Last week, likely on either Wednesday evening or early Thursday, someone chose to graffiti the new bike park with spray-painted swastikas and crude depictions of genitals. In all likelihood it was an ignorant kid who does not understand the power of their actions, nor the severity of the symbol. Yet, even with this rationale, my mind reels.
We live here in this valley surrounded by beauty. To our north quite literally is Paradise. We celebrate wildflowers, pagans, fairies, softballers, skiers, the first snowfall in October, the first aspen leaf in spring, bicycles and beer. Here in our bubble, we celebrate the individual and the collective. So when I see these marks spray-painted so crassly on the town’s newest effort in building joy, all I can be is confused. And outraged.
Because how dare someone, whether they be a visitor or local, bring such hate into our beautiful home? It’s a perversion of what we hold sacred, and whether it was done out of malice or just stupidity, we cannot let such actions stand. We’re better than this. Here, where many of us know most of us by name, or at least notoriety, we have to be.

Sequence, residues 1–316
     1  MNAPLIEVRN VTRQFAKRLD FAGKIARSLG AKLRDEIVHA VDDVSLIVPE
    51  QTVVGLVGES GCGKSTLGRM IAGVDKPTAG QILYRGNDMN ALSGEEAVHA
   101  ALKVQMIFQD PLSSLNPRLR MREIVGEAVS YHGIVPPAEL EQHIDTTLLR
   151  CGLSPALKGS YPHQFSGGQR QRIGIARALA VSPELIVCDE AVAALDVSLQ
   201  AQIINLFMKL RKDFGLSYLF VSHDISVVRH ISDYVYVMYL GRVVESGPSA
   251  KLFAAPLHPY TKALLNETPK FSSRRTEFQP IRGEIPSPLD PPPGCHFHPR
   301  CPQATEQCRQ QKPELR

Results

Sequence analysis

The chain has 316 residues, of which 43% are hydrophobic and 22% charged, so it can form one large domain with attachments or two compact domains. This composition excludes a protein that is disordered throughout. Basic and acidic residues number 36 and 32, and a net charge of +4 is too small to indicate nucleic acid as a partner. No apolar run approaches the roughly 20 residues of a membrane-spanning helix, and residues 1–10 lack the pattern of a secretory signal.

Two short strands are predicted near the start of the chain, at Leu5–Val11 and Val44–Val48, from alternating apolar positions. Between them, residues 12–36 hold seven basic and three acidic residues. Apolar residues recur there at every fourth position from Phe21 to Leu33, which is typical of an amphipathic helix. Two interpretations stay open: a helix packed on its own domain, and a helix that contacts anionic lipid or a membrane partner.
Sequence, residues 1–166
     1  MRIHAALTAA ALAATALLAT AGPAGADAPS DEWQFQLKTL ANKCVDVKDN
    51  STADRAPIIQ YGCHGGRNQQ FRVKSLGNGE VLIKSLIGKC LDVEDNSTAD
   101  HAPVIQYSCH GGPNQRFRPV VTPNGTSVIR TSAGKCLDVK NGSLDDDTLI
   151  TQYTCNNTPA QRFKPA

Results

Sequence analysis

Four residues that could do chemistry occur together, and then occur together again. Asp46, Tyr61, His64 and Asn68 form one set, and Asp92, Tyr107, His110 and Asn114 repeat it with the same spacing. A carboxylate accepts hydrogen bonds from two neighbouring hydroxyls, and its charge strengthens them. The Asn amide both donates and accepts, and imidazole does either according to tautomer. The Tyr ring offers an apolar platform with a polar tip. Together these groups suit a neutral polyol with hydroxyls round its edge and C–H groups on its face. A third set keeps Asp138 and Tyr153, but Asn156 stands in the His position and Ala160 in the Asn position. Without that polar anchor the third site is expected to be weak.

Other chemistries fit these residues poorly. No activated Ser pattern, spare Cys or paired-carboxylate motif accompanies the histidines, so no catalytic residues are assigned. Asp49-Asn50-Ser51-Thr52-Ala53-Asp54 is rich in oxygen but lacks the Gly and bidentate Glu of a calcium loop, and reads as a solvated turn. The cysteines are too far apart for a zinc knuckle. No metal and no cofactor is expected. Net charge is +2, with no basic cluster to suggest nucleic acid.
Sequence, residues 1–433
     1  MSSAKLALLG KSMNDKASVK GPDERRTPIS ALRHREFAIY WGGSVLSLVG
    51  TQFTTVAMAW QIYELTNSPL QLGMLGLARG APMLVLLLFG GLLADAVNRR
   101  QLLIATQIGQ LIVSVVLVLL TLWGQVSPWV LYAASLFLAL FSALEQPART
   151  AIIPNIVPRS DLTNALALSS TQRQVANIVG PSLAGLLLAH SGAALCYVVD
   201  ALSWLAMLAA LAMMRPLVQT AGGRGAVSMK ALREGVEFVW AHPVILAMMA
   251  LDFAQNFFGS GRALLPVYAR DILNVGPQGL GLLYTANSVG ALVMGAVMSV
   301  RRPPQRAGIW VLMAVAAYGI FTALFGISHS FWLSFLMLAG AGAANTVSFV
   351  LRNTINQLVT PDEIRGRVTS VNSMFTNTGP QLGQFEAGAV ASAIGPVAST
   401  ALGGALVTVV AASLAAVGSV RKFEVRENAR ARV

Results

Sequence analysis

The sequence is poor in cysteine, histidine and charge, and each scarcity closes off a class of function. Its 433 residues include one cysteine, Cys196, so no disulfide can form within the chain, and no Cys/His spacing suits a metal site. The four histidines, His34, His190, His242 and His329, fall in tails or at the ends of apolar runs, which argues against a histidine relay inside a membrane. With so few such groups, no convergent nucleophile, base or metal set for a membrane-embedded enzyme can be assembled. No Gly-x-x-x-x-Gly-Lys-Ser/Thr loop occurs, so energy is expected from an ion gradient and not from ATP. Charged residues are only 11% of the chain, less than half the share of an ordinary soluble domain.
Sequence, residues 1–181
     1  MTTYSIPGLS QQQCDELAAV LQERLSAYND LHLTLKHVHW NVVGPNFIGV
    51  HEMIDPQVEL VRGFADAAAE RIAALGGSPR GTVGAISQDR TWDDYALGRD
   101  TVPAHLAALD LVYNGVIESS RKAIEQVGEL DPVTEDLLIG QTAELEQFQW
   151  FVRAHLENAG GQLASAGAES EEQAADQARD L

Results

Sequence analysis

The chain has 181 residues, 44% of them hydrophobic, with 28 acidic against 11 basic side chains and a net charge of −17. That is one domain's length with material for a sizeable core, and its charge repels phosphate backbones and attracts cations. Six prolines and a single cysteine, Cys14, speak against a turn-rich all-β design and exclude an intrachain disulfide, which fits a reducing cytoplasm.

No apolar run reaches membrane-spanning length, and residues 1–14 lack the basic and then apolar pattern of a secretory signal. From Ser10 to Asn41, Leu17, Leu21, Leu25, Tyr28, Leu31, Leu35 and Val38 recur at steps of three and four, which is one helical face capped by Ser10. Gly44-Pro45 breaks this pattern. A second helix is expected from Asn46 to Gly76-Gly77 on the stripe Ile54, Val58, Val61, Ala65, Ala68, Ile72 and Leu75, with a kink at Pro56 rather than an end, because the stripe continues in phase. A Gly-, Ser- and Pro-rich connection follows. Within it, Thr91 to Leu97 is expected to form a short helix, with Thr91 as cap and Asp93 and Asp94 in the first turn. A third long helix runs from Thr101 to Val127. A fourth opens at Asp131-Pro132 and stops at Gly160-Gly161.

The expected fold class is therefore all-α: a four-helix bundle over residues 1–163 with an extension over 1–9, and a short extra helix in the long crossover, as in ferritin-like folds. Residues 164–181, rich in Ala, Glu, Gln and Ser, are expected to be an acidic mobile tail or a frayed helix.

This place has plenty of problems. There’s a real disparity between classes. The housing situation is a mess. Traffic, parking, alcoholism, recreational drug use, littering, lack of diversity, limited health care, over-use of public lands. I can accept and work with these as part of the tax that comes with living in an end-of-the-road mountain town. But painting a swastika within a rock’s throw of our Community School and walking away like a coward? It is unacceptable and intolerable.
I know for many people this has the potential to be an us vs. them incident. We’ll look at each other, and lay the blame on the kid from out-of-town who doesn’t mountain bike and can’t tell a lupine from a log. But what if it wasn’t? What if this was the act of one of our own? What then? And, more so, does it matter? Would our message to the perpetrator be different?
I have two young boys at home. At night after I put them in bed, I look out my window toward Mt. Emmons, the mountain on whose summit my husband proposed and whose name is written on my older son’s birth certificate, and I give thanks for this place, for the chance to live here and to raise my boys here.
Because, I believe, perhaps more than anything, that the place we call home shapes who we are, and what I want for my boys is for them to grow up kind and brave. I think here that’s possible.
We live in this community of celebration. Let’s stand together and remind the world that hate and ugliness do not belong in our home by showing each other greater kindness, and reminding those around us that everywhere there is beauty.
And a huge thanks to the Crested Butte parks and recreation department and the marshals for getting the graffiti cleaned up. It’s a busy time of year, and fast-tracking this situation is something we appreciate and applaud.